Energy Storage: Applications and Developing Regulation

Posted on June 27th, 2011 by

The following article is part 3 of a multi-part series.

D.            Generation Storage

Energy storage allows generation resources to operate with greater efficiency and complements the integration of renewable generation resources into the grid. Storage systems also provide a clean and efficient alternative to traditional peaking facilities.

1.            Electric Energy time-shift:

Electric energy time-shift involves purchasing and storing electricity from wholesale markets during lower cost time periods and discharging the stored energy for resale in wholesale markets when prices are high. Generation resources can also use stored energy to offset its need to purchase electricity from higher priced wholesale markets.[1] Energy time-shifting is similar to energy cost management. However, cost savings depend upon wholesale markets as opposed to retail electric tariffs.

2.            Additional Peak Capacity:

Energy storage systems can provide a clean and efficient alternative over traditional generation resources supplying peaking capacity. Peaking facilities provide additional reserve capacity during periods when load peaks. These facilities typically operate at around 50% capacity resulting in diminished plant efficiency. However, energy storage providers can configure storage systems to provide optimal peaking efficiency as needed for the relevant peak load.

3.            Renewable Integration:

Energy storage systems complement the deployment of renewable generation.  Renewable resources are both difficult to forecast and have intermittent output, resulting in the production of low value electricity, lack of firm capacity needed to bid into energy markets and an increasing reliance on ancillary services necessary to maintain system-wide reliability. Energy storage systems add value to renewable generation and provide improved ancillary service efficiency necessary to support the integration of intermittent power sources.

Renewable resources often produce energy during off-peak times when energy is both lower in demand and price. These occurrences create inefficiency for both the generation owner and energy markets. Energy storage systems mitigate this problem by allowing renewable generation to bid stored off-peak energy into peak energy markets.  This prevents waste of off-peak production, provides increased value for renewable generation by increasing capacity bids in peak markets, and also improves wholesale market efficiency by increasing the amount of lower cost energy bids.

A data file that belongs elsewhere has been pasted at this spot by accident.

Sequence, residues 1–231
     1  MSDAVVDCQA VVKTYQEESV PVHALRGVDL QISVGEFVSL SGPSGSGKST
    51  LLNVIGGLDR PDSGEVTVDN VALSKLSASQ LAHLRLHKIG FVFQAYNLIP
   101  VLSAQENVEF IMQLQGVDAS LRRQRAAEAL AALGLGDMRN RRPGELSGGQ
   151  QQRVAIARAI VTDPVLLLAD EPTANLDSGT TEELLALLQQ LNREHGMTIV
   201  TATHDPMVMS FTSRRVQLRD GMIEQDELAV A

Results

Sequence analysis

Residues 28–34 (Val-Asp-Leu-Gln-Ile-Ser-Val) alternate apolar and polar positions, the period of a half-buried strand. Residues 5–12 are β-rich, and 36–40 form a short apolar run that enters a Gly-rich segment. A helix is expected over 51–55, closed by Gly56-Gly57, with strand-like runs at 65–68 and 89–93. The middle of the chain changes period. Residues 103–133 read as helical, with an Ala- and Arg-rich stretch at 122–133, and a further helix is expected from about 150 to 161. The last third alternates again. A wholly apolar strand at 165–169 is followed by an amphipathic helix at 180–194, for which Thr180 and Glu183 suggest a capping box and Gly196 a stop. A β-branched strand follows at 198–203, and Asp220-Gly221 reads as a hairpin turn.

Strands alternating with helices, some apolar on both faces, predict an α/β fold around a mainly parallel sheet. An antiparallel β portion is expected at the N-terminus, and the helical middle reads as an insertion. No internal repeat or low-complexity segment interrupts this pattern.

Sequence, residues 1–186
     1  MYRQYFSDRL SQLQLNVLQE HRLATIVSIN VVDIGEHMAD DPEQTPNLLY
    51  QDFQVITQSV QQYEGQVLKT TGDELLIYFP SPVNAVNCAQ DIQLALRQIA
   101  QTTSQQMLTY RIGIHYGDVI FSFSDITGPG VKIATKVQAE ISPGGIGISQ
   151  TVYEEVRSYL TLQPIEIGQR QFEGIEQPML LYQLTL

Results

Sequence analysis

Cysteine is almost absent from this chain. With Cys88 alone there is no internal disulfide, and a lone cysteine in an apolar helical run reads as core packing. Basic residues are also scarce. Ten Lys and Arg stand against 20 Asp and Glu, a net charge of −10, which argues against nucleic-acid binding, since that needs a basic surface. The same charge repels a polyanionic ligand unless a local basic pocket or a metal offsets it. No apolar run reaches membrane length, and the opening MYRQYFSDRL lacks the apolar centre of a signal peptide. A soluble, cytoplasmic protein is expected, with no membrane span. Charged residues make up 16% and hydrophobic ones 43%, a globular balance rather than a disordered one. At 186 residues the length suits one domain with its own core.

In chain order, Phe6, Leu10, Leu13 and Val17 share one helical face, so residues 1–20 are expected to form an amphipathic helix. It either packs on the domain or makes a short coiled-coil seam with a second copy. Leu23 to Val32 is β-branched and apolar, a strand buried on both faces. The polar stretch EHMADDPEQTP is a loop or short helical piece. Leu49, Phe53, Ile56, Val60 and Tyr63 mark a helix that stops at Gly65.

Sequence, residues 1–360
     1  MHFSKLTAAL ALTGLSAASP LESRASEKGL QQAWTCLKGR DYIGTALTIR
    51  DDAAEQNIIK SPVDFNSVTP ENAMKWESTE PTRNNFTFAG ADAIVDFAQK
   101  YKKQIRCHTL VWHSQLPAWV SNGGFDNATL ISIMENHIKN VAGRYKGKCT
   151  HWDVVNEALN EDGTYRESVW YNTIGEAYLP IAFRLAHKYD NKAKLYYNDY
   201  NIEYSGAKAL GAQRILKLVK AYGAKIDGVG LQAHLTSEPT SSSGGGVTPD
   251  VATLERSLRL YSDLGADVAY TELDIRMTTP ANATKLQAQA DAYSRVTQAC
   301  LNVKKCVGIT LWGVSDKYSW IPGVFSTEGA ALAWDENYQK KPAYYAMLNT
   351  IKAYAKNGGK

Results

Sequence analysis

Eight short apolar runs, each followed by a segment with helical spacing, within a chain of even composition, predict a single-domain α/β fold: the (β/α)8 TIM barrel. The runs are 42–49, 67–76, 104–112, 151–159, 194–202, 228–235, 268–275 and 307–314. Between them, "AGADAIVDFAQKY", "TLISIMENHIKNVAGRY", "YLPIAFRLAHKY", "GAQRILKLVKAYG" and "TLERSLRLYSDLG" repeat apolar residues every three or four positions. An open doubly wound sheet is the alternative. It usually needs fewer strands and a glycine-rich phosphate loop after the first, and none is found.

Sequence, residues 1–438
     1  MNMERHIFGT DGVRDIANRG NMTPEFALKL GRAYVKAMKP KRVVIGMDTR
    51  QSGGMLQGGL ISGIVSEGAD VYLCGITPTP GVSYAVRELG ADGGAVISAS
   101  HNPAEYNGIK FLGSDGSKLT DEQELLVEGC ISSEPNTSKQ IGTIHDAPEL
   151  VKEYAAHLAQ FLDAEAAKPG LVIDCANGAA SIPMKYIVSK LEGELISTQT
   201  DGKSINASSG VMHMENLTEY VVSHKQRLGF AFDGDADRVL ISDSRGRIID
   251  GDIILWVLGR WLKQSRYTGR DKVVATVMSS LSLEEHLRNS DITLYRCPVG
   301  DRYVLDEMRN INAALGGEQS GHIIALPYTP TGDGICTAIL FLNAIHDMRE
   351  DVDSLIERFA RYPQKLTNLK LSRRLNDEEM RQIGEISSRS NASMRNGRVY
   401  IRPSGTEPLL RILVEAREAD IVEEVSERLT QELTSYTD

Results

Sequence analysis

The intermittent output of renewable resources may prevent resource owners from bidding into energy markets.  In many cases, energy providers must guarantee to supply the amount of capacity it bids into energy markets or it will be subject to financial penalties. Many renewable generation resources cannot meet the guarantee (i.e., firm) requirements because of the systems intermittent power output. However, renewable generation can use the capacity of an energy storage system to meet firm output requirements. The capability of an energy storage system to provide renewable generation with the ability to meet firm requirements and bid into energy markets adds economic value to renewable generation.

The intermittent output of renewable resources increases the occurrence of disturbances that threaten system-wide reliability. For example, photovoltaic cells cannot control the occurrence of clouds and wind turbines cannot control the occurrence, duration or strength of wind gust. The rapid response and discharge times of storage systems provide the necessary improvements in ancillary services needed to mitigate the added stress that such disturbances place upon transmission systems.

[1] Energy Storage: The Missing Link in the Electricity Value Chain. Energy Storage Council. May 2002.

Written by Robert Clifford. Robert is a Boston-based attorney who represents clients before the Federal Energy Regulatory Commission and state public utility commissions.

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